From Rocky Mountain National Park it was on to the Rothbury Music Festival in Rothbury, Michigan. Four days of camping, music (heavy on the bluegrass and jammy stuff) and an enchanted forest. (Andrew Teehan, given your hate/hate relationship with hippies, you can probably skip this one).

From Rothbury, Michigan it was on to Moncton New Brunswick (getting harder and harder to call this a "Western" road trip), with a brief stop in Ottawa. Moncton was where one of my closest friends was getting married, and featured a similar cast of characters to a wedding the previous summer on PEI. Predictably, things got a little bit nuts in the best kind of way, and I say without hyperbole that it was among the five best parties I've ever been to, with quite the overabundance of "I love you, man" and Fireball. (The picture below was heavy on both of those things, and not staged. That's the groom, second from right).

From Moncton it was back to the Ottawa/Lake Placid/Malone (NY) area for the next couple of months. It was great to catch up with family and friends from home, most of whom I hadn't spent much time around since departing for Victoria three years prior. There were weekend road trips, a couple of concerts and the odd shift at family businesses thrown in before we packed up the car again in early October and headed back west.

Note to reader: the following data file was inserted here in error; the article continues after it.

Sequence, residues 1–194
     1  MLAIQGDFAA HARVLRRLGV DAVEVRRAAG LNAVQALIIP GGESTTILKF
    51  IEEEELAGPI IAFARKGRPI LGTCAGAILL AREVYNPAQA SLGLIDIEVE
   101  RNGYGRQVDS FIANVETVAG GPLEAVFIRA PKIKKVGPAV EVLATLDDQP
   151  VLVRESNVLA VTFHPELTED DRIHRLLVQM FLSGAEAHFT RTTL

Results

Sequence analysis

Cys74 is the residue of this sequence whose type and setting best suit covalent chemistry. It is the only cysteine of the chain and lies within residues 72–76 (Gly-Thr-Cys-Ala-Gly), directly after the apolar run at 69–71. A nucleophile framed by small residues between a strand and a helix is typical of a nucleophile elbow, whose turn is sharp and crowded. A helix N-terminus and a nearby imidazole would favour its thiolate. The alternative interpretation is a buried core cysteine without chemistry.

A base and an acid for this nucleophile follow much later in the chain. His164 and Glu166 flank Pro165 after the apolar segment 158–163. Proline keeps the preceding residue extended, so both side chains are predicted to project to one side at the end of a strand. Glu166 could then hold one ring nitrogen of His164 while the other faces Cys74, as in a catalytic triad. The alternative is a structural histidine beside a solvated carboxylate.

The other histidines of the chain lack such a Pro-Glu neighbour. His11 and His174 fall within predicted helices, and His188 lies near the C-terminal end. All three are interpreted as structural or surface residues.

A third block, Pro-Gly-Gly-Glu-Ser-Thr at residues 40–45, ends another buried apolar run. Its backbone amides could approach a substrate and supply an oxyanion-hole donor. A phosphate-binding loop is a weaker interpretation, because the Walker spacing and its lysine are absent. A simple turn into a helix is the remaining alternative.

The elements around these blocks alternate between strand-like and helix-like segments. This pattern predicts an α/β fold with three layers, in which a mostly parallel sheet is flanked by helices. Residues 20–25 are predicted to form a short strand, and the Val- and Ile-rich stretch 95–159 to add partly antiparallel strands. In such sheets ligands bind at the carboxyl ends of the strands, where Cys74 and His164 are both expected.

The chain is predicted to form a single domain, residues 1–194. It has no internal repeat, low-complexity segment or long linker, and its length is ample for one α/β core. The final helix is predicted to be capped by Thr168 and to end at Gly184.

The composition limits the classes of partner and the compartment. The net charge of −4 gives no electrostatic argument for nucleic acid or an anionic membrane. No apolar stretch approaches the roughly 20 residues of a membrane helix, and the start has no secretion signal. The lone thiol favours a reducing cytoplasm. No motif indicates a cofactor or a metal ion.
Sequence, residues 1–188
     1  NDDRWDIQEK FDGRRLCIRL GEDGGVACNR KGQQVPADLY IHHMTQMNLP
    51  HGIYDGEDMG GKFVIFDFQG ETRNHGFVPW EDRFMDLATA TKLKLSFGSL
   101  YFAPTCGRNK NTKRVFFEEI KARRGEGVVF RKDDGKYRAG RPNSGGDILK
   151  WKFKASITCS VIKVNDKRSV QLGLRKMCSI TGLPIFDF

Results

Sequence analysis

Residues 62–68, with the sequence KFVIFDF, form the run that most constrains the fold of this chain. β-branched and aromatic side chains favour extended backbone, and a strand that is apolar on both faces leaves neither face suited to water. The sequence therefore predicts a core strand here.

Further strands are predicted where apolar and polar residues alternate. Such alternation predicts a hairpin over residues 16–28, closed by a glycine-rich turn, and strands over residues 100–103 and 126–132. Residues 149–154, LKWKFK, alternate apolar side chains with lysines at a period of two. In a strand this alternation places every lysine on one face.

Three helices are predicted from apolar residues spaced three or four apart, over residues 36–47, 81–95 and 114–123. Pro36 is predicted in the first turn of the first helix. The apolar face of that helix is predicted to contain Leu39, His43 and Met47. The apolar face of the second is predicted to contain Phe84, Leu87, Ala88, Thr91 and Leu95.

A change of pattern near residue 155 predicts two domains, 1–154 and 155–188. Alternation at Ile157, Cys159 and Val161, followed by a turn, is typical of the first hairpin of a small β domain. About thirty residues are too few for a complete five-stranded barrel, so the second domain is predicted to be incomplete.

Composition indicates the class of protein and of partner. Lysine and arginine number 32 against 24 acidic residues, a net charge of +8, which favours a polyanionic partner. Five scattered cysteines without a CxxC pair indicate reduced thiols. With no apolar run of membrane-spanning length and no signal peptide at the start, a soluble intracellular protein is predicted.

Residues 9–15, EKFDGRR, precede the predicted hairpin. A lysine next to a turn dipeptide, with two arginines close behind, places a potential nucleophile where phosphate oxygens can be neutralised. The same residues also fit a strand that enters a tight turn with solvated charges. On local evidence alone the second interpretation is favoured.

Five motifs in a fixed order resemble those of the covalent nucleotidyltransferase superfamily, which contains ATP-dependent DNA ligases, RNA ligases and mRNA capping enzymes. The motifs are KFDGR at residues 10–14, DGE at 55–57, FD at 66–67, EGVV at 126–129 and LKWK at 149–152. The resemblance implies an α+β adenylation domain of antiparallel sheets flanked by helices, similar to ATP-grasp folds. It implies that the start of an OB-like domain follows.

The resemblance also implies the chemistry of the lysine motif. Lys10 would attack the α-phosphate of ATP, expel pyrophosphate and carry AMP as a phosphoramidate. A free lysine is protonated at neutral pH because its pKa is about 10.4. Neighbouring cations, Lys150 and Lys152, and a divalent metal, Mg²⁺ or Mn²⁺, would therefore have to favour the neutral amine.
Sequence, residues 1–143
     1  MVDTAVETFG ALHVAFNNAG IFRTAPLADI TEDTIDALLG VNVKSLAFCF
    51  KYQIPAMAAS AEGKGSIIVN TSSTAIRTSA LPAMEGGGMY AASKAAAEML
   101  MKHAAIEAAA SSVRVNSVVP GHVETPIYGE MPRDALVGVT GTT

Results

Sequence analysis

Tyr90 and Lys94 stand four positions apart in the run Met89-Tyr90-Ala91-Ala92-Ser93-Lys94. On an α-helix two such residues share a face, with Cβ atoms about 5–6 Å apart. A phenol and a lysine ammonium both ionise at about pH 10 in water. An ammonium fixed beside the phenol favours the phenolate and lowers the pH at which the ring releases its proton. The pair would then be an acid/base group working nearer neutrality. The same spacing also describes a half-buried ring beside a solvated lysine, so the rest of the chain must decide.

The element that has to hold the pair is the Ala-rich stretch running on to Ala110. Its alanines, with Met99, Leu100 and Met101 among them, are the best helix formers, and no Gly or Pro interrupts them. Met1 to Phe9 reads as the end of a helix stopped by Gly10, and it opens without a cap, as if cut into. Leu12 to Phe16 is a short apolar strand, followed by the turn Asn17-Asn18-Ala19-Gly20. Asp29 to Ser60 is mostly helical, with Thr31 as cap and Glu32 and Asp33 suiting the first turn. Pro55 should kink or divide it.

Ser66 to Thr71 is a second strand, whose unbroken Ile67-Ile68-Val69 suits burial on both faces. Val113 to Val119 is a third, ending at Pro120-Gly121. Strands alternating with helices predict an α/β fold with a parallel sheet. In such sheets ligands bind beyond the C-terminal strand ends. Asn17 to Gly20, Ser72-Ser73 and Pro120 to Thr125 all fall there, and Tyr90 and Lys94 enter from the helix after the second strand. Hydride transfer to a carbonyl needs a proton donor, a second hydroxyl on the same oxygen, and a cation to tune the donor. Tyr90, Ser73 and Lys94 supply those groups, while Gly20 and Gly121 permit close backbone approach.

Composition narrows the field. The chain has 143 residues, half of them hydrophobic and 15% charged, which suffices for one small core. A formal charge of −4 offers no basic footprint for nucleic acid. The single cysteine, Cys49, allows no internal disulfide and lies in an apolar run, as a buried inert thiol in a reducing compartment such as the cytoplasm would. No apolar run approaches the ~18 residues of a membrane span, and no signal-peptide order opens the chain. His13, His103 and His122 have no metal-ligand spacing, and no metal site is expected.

From Ottawa/Lake Placid/Malone, it was back to Colorado, and specifically Boulder, where I sit on this bright Sunday morning blogging from the edge of downtown. Boulder is renowned as a hotbed of bluegrass music, free spirits and outdoor recreation, so it seemed like the perfect fit for us over the next little while. It's only been a few weeks, but Boulder feels like a pretty good fit so far, and I'm pumped to see what the next few months will bring my way.

So here we are. Blogging will be regular once again, and as always it is a pleasure to have you along.



8 comments: said...

Thanks for the read buddy. I particularly enjoyed your descriptions of the natural grandeur you encountered in the west and midwest. Sure makes me envious sitting here in rainy, grey, cold Victoria in November, shackled to law school! I'm sure I asked you this before, but why law again? Are you going to look for anything law-related in Boulder? I've heard Boulder's awesome so enjoy what looks to be a great next chapter of life!

Micah C said...

I read this post listening to Grizzly Bear's 'Colorado'. The perfect complement.

Anonymous said...

The best job I ever had was at an independent bookstore. I'm envious.

Anonymous said...

That was from Dea

Chris said...

Remember Hart? He's back!! In blog form!!

Your mother said...

Welcome back, A Harty Meal. I'm looking forward to some great updates.

dawson20 said...

3 Things...

1) Love the beard - seriously - its awsome.

2) Love the pictures, and quite enjoy your blog altogether!

3) Totally and completely jealous of the entire trip...

I'll be back Im sure!

Hart Shouldice said...

Hey, thanks Keely. I appreciate it.